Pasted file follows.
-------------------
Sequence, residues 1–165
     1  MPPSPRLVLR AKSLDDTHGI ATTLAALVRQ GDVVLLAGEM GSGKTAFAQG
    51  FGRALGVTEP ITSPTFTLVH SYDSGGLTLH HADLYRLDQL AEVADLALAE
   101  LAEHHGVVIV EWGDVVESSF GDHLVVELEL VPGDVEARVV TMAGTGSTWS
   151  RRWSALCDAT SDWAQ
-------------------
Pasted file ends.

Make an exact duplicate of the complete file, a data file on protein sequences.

Sequence, residues 1–165
     1  MPPSPRLVLR AKSLDDTHGI ATTLAALVRQ GDVVLLAGEM GSGKTAFAQG
    51  FGRALGVTEP ITSPTFTLVH SYDSGGLTLH HADLYRLDQL AEVADLALAE
   101  LAEHHGVVIV EWGDVVESSF GDHLVVELEL VPGDVEARVV TMAGTGSTWS
   151  RRWSALCDAT SDWAQ